How AI & Chat GPT are Changing Real Estate

A realistic perspective on the impact on Appraisers, Agents, and Inspectors.


Shain Clark

7/16/20236 min read

high-rise buildings
high-rise buildings

As an AI and Real Estate expert, I've witnessed first-hand the transformative power of technology across diverse sectors, from agriculture to manufacturing. Our proud traditions have always found a way to adapt and harness the potential of new tools to improve lives. Now, it seems we're on the brink of another significant metamorphosis, this time with the real estate landscape, spurred on by the emergence of AI technologies like chatGPT. Change is the only constant in life, and as we've done before, we adapt and use it to our advantage. The key is understanding the benefits, risks, and implications it brings with it.

The impact of AI on real estate agents, appraisers, and even inspectors is still an evolving narrative, but certain benefits and dangers are already starting to materialize. Let's delve into how chatGPT and AI, in general, are recalibrating the industry, as well as ponder on the potential outcomes.

Firstly, we should examine some of the potential advantages chatGPT brings to the table for real estate agents and appraisers. The most apparent advantage is the boon of efficiency and time-saving. Automating routine tasks like scheduling appointments or sending follow-ups can free up agents and appraisers to concentrate on the more personal aspects of their work - relationship-building with clients or performing detailed property analyses. It is also extremely useful in generating well-written marketing information for agents and assessing commentary for appraisers. Automation doesn't have to replace us; it can free us to do what we do best - build relationships, strategize, innovate, and make ethical decisions. It will, however, significantly shift what our actual roles are.

Another significant benefit of chatGPT lies in its capacity to process and analyze voluminous amounts of data accurately and swiftly. This can be a game-changer for appraisers who need to account for a multitude of factors when assessing a property's value. I see this affecting mass appraisal in a powerful way, but governments tend to be much slower than corporations at implementing innovative technologies. I think the development of AI tools for lender analysis at the C-suite level will be the grounds for a perspective shift that affects independent fee appraisers. And for agents, personalized recommendations based on clients' preferences, budgets, and other factors can elevate client relationships and experiences. For them, the real benefit will be the ability to connect on a personal level by reaching out to responsive clients on a large scale, then using soft skills to do what AI can't...yet.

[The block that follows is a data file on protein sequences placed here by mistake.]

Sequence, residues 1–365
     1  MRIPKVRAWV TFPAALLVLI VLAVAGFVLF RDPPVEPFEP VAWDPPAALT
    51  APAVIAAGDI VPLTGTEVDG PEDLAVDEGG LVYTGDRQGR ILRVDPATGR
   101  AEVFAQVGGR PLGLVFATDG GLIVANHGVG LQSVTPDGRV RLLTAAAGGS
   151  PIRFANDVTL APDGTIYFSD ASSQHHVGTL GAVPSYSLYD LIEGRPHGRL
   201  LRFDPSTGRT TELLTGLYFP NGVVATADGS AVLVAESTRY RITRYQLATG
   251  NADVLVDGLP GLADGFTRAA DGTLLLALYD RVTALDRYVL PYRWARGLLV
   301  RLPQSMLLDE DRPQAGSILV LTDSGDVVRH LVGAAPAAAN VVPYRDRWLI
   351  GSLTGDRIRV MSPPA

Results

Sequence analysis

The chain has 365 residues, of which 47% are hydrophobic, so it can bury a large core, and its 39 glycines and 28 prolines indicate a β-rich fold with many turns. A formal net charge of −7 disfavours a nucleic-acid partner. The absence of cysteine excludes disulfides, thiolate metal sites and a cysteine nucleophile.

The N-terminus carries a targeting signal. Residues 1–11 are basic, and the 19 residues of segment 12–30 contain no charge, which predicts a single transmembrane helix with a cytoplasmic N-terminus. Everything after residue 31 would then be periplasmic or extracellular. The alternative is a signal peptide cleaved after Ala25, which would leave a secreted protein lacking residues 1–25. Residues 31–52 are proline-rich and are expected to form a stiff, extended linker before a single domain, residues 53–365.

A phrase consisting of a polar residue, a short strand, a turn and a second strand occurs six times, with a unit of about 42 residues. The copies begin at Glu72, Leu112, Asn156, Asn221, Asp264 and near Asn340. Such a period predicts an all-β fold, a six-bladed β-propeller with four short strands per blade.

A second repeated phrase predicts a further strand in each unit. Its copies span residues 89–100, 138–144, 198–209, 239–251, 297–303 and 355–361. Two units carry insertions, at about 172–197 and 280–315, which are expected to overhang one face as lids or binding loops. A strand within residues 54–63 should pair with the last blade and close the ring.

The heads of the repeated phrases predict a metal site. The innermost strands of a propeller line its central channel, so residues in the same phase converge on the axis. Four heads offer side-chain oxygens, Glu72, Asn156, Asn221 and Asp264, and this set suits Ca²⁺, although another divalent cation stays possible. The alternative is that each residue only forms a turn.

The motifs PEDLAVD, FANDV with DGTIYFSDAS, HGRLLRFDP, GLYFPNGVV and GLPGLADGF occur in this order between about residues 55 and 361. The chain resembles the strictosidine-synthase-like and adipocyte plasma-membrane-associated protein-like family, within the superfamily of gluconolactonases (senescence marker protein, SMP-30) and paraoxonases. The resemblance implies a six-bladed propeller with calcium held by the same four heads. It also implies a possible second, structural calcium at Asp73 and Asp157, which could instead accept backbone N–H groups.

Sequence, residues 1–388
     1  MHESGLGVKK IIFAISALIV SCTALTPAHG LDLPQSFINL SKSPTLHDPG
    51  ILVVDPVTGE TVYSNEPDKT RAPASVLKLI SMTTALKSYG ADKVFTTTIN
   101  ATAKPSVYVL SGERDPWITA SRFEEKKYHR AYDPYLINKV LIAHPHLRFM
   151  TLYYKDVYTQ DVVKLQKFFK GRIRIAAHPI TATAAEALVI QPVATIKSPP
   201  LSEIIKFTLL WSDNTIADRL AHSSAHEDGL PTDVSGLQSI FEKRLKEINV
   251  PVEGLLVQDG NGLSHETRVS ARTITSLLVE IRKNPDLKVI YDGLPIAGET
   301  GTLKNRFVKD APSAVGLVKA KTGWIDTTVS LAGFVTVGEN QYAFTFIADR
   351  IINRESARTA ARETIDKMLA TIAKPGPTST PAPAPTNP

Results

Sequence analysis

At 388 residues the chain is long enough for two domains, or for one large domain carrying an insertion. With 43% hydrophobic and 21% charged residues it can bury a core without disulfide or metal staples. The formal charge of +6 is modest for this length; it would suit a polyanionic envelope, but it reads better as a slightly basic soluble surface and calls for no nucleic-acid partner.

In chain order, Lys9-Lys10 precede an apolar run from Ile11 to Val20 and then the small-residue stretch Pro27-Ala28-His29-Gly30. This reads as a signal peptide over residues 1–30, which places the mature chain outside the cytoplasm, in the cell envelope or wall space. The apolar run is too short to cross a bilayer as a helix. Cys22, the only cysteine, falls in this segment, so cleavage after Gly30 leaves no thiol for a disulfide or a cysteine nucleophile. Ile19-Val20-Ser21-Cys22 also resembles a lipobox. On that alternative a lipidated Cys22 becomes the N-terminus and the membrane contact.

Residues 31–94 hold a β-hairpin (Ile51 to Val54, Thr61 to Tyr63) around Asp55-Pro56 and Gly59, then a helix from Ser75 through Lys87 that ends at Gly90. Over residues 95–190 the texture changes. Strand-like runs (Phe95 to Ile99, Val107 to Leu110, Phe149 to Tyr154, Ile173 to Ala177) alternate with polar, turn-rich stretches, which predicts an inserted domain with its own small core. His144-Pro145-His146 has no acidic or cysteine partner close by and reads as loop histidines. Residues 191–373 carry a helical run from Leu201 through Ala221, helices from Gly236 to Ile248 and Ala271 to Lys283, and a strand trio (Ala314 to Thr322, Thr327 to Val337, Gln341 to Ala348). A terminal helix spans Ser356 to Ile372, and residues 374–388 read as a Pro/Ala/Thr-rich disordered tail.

But, as with any powerful tool, there are potential pitfalls and dangers. The fear that AI could eventually replace human agents and appraisers is a valid concern. As automation increases, the necessity for human intervention may dwindle, making some feel as though their skills might become obsolete. AI is a double-edged sword. It can enhance our abilities, but it can also make us question our relevance.

Another worry is that AI, relying heavily on historical data, might perpetuate the current biases and inequalities prevalent in the real estate market. This could result in unfair outcomes for specific demographic groups like minorities or low-income families. It could also do the opposite and create a levelizing affect similar to that in mass appraisal that causes lower income buyers to pay more for homes while under-valuing others and negating profit potentials.

Looking to the future, it's likely that the integration of AI tools like chatGPT in real estate will keep increasing, especially in the short term. Soon, we will see even more specialized AI tools tailor-made for the real estate industry, as well as a rise in the use of chatbots for improved communication between agents and clients. In the longer term, the landscape of the real estate industry might undergo a radical shift, with human roles evolving from performing mundane tasks to offering more personalized, strategic advice to clients. This could lead to a fairer, more transparent real estate market, where AI helps eliminate bias and furnish better information to buyers and sellers. Yet, as we have seen, AI has inherent biases that its developers have, both consciously and intentionally, as well as, unconscious biases. Chat GPT has shown a strong left-leaning tendency and oftentimes doesn't view conservative perspectives as valid, even when shown data that disproves its biases. Will larger-scale AI systems designed for real estate professionals have this? Yes, of course, it will.